Comma Rules

When to Use Commas

Between more than two items in a series

The most popular sports in the U.S. are football, basketball, and tennis.

Eating out, swimming, and going to the movies are popular forms of entertainment.

Paul came home late, went to bed, and slept for 10 hours.


Between two or more adjectives, when the adjective positions are interchangeable

She is a strong, healthy woman.

It is over by the black, adjustable armchair.

NOTE: English adjective order generally places essential, physical, or unchanging adjectives closer to the nouns they modify.


Between two independent clauses joined with a coordinating conjunction

Fast food causes various health problems, but many people eat it to save time.

John was in a car accident, so he will be absent from class for a while.


After a dependent clause at the beginning of a sentence

When my grandparents arrived in the U.S., they had no friends.

Because the dust storm covered my car, I couldn’t recognize it in the parking lot.

Even though economics is difficult, I’m sticking with it.

If the air conditioning fails, we will probably have to cancel classes.

NOTE: If the dependent clause comes second, no comma is needed.

We will probably have to cancel classes if the air conditioning fails.


After an introductory word or phrase

My first day at SFS-Qatar was busy.  First, I went to my English class.

Yesterday, I bought some supplies for school.  For example, I bought a backpack.


Around an interrupting word or phrase

I am, by the way, very nervous about this.

She is, nevertheless, my best friend.


Around nonessential words, clauses, or phrases

My sister, who lives across the street, always watches my cats when I travel.

The tiramisu, which I had at Joe’s, was delicious!

NOTE: clauses that begin with “that” are considered essential

The tiramisu that I had at Joe’s was delicious!


Edit the sentences below for punctuation. Add commas as needed.

  1. Your uncle willed me all his properties houses and cars
  2. We play sports such as basketball volleyball squash and tennis
  3. Reading daydreaming and playing the piano were my favorite when I was a child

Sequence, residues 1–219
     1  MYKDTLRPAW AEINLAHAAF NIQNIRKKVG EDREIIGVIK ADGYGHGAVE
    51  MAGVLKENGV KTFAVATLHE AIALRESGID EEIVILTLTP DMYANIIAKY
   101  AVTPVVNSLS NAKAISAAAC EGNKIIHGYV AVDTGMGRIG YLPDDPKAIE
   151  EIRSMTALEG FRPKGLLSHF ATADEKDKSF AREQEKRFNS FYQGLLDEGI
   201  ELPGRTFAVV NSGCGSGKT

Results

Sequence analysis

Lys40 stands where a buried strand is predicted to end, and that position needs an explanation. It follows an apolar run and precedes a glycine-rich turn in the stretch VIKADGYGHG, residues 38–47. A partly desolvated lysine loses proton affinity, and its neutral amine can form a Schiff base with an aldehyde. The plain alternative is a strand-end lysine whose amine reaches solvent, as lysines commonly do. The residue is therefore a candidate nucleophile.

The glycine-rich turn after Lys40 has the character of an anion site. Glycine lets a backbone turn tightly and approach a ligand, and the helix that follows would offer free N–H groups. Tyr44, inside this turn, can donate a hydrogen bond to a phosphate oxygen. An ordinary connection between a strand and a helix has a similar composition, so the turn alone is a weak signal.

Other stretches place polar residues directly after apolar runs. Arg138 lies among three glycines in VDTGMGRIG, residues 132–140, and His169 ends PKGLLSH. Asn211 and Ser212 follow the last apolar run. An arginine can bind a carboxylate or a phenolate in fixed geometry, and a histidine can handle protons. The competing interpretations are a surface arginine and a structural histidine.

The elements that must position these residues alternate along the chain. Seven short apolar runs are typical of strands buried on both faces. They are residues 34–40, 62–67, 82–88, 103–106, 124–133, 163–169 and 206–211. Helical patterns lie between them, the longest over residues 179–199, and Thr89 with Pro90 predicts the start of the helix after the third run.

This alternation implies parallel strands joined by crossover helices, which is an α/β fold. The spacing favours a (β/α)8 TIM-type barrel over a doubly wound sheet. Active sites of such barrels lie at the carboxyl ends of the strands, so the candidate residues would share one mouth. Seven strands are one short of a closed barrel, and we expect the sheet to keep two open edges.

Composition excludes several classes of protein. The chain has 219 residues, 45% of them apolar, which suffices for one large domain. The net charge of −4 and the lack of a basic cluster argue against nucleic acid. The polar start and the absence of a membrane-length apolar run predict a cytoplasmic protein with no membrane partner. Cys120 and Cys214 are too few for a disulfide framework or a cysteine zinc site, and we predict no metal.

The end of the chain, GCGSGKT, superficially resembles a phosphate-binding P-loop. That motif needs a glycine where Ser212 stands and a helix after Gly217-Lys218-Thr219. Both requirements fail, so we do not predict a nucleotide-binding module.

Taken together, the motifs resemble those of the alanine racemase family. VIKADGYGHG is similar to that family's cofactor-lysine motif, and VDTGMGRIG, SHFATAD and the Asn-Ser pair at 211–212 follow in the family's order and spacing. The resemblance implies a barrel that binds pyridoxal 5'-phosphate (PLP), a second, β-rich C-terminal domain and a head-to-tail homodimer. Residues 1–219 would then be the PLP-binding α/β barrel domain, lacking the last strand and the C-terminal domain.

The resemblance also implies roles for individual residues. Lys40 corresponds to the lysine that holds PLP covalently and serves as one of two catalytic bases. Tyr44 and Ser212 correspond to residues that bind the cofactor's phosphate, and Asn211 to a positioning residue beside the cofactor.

4. Jake was a warm gentle affectionate Swedish giant
  5. Our teacher is tall strong smart athletic and engaging
  6. You can come today but I will be away from my desk
  7. Please don’t drink and drive or text message while driving
  8. Yesterday I hoped that I would find out how the story ended
  9. After you finish what you are doing you must close all the windows
  10. When it snows hard only grade schools will close this year
  11. With that said we all need to start working on time
  12. Near a small country river the truck was unloaded in secrecy
  13. In all likelihood you will pass the class if you attend regularly
  14. Walking alone at night which can be scary in this area gives me a sense of peace
  15. I would like you to know however that you need to work much harder
  16. That house which is across the street belongs to my nephew
  17. The car which I had in Kansas City MO was stronger and faster than this one
  18. Undoubtedly I could finish the experiment because my colleagues helped me
  19. Coffee is stronger than tea so I don’t drink as much of it
  20. Despite Rue’s best efforts she could not keep the weeds out of her garden


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Parts of Speech

Verb: A word denoting action, occurrence, or existence

The President met with foreign diplomats on Tuesdays.

I will be presenting my research at the conference.


Noun: A word that names a person, place, thing, idea, animal, quality, or action.

Edwin, my brother, is a professional musician.